Erbium:Yag Laser - Its Information
Laser is a light amplification by the stimulated emission of radiation. Lasers work by producing an intense beam of bright light that travels in one direction. Ablative lasers remove the tepidermis layer of the skin and heat the layer under the epidermis. There are three types of ablative lasers used for resurfacing:
The Er:YAG laser is a high power laser produces energy in a wavelength that gently penetrates the skin, is absorbed by water, and scatters the heat effects of the laser light. These unique properties allow dermatologists to remove thin layers of skin tissue with exquisite precision while minimizing damage to surrounding skin.
The erbium:YAG (Er:YAG) laser can be as effective as the standard CO 2 laser for the removal of wrinkles with fewer side effects, according to a study from the Wellman Laboratories of Photomedicine at the MGH.
The Er:YAG laser is a powerful tool in the cosmetic surgeon's armamentarium that can have beneficial effects when used properly for the correct indication. Mild-to-moderate photo-induced rhytides, superficial pigmentation, atrophic scars, and a variety of epidermal and dermal lesions can be treated successfully with the Er:YAG laser.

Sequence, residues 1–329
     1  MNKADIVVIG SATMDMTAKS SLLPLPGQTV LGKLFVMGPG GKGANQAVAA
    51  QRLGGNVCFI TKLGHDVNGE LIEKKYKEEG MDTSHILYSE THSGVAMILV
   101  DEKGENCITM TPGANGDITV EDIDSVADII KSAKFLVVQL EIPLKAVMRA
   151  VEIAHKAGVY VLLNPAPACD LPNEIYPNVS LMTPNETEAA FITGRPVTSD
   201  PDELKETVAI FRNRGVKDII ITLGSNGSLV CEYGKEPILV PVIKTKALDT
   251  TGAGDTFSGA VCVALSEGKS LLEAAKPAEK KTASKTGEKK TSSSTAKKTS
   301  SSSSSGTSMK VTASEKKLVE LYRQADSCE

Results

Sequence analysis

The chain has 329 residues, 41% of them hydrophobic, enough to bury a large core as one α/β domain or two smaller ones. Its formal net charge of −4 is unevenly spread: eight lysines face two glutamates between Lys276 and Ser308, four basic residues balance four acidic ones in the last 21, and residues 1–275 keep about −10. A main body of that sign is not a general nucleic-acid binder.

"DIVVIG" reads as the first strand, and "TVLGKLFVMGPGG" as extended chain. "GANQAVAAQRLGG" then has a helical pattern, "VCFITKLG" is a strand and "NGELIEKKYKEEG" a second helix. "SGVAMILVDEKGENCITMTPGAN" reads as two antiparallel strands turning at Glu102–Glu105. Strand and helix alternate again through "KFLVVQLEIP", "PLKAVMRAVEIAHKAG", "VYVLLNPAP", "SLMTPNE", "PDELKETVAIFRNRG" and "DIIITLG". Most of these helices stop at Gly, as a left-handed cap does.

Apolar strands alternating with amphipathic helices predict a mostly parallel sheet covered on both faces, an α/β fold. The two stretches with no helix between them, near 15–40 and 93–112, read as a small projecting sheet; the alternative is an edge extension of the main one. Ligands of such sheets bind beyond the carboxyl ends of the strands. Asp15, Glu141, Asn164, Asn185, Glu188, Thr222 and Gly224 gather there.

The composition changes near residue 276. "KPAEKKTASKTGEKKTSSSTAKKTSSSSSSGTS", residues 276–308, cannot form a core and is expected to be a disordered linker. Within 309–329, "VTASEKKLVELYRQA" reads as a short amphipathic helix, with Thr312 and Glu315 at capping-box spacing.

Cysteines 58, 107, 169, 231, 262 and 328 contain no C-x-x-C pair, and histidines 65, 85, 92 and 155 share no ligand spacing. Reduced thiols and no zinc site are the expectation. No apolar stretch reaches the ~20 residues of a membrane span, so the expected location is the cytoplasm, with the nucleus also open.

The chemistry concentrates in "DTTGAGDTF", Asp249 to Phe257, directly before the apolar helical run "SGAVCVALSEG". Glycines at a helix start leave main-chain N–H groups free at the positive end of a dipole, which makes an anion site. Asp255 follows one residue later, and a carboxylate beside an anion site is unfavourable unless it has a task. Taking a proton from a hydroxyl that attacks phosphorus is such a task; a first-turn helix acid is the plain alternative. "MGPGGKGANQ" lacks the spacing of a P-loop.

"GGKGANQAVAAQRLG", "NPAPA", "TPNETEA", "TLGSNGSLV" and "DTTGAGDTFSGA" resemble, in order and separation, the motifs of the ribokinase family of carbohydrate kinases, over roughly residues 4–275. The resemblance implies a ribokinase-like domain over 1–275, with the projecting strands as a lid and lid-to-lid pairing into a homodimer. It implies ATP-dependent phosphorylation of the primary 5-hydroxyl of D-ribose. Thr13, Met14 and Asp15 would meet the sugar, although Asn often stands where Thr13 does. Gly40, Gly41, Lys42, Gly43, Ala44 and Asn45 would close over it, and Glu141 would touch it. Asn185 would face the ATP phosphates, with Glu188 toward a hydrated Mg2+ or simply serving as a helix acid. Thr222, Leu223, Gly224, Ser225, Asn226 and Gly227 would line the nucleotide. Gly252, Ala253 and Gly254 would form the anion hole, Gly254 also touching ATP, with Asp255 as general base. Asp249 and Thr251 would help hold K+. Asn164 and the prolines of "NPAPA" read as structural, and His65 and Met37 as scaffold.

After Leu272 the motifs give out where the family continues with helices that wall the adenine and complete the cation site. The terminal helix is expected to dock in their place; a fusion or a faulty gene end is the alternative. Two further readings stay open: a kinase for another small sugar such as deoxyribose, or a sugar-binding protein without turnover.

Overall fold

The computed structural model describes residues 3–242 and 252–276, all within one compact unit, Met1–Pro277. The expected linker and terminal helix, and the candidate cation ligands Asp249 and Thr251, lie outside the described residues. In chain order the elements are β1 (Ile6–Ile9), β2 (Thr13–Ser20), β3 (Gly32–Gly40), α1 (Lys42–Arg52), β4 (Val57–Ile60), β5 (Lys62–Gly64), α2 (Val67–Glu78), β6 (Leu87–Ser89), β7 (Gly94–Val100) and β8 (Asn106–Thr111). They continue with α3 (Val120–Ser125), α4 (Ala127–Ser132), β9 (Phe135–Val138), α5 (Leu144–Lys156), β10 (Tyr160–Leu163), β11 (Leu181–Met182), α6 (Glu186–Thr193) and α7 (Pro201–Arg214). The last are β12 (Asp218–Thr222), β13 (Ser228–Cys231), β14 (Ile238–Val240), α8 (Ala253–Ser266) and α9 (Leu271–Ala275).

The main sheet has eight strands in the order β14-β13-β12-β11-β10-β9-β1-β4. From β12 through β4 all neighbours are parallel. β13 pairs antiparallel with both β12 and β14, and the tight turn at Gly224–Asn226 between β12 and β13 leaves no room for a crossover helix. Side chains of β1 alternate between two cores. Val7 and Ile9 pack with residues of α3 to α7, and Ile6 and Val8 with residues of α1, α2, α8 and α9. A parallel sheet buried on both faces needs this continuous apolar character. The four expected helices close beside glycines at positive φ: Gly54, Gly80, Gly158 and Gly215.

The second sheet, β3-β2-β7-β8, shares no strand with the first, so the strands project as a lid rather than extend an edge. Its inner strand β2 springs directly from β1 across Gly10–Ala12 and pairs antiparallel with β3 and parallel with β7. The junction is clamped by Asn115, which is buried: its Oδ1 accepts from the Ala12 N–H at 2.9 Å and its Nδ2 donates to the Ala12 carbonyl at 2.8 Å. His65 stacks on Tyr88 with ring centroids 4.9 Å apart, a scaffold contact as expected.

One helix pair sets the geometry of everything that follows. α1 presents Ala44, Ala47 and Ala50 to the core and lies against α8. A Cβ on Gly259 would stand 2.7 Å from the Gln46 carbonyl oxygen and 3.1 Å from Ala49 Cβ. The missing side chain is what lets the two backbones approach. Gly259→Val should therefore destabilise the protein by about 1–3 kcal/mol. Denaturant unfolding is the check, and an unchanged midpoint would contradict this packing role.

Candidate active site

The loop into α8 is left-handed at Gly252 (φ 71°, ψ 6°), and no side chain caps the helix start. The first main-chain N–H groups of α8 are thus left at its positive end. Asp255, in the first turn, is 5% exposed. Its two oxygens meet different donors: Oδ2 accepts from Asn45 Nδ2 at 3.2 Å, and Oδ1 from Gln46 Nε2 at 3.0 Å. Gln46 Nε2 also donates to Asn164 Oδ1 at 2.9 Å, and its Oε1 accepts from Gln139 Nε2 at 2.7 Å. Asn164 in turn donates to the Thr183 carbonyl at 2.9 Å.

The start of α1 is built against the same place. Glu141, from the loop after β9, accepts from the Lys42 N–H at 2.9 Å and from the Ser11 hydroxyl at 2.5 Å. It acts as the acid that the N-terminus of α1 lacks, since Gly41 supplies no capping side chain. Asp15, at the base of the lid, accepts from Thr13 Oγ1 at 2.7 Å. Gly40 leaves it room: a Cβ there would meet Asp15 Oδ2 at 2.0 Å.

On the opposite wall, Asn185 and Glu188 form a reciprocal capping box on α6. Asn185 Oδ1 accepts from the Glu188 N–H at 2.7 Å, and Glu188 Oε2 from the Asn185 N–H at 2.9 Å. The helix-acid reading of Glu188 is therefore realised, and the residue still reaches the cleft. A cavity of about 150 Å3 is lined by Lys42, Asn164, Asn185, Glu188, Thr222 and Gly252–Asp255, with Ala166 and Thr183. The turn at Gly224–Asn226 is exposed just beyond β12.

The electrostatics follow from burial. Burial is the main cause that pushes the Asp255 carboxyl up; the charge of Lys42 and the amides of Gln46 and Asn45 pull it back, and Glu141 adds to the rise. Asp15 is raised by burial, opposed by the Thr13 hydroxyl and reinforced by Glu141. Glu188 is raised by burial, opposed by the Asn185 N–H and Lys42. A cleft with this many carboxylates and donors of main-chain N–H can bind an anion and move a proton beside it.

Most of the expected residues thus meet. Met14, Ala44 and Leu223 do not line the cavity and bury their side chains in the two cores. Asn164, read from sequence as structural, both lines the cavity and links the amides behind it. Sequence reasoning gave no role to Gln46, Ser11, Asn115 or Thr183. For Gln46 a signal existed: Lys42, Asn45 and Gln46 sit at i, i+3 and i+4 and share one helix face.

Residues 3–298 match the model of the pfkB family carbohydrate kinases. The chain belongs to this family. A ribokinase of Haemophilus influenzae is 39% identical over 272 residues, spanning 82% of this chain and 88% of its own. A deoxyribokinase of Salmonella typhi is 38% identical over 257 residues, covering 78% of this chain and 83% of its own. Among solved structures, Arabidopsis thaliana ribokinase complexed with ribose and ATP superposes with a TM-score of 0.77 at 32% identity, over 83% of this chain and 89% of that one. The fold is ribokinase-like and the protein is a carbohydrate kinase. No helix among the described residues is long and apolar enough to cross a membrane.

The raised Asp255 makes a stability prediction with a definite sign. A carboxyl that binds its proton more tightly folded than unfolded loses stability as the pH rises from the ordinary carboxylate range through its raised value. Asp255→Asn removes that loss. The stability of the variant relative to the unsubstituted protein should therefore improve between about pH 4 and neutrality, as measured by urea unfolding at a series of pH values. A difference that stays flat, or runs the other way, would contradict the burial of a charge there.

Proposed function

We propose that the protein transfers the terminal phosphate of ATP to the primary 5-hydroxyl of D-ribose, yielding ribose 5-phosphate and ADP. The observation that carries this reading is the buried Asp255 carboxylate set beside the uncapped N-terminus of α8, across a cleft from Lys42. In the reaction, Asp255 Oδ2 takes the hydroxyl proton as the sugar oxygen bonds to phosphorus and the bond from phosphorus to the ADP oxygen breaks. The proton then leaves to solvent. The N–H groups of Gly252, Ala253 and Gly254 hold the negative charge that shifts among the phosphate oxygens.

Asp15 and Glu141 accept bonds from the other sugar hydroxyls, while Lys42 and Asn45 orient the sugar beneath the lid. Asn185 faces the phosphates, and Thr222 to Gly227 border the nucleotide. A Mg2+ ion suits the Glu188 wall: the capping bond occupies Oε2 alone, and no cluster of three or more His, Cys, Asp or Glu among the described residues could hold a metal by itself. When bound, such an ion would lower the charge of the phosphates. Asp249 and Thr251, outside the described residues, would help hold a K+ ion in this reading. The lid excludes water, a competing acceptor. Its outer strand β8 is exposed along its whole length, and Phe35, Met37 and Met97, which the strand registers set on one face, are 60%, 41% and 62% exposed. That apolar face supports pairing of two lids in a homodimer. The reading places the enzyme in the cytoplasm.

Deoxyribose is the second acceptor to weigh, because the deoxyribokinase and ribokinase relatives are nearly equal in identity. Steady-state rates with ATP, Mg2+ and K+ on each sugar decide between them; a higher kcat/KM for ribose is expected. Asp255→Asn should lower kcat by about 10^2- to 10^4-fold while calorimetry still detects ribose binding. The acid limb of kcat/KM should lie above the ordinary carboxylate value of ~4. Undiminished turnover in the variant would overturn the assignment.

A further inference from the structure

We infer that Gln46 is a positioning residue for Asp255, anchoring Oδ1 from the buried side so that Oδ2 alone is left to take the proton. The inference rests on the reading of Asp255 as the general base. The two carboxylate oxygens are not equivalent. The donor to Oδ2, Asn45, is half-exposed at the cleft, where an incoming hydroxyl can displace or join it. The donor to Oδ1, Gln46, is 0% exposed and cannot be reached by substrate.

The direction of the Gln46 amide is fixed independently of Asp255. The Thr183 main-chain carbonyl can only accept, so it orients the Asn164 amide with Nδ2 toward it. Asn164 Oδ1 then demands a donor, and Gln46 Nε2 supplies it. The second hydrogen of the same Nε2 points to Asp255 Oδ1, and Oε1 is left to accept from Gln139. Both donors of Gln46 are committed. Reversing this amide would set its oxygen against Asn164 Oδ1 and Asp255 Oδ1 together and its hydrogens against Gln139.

The Erbium laser produces a unique skin smoothing affect with minimal pain and rapid healing. The Er:YAG laser is commonly used for skin resurfacing in patients who have superficial to moderate facial wrinkles, mild surface scars, or skin discoloration. The gentle touch of the Er:YAG laser means it is uniquely effective in rejuvenating sun-damaged skin in areas such as the delicate skin around the eyes and mouth, where other lasers may cause scarring.
Benefits of Erbium: Yag Laser:
Treatment with the short-pulsed Erbium:YAG laser is particularly well suited for patients with darker skin phototypes. Several studies have documented a lower risk of pigmentary alterations as compared to carbon dioxide laser resurfacing. Although studies suggest modulated Er:YAG lasers are associated with a lower risk of pigmentary alterations than carbon dioxide laser resurfacing, long-term data regarding the risks of delayed hypopigmentation are not yet available.
Skin resurfacing with a short-pulsed Er:YAG laser is most commonly used for the improvement of fine rhytides. For moderate photodamage and rhytides, modulated Er:YAG laser skin resurfacing results in greater collagen contraction and improved clinical results as when compared to short-pulsed Er:YAG systems.
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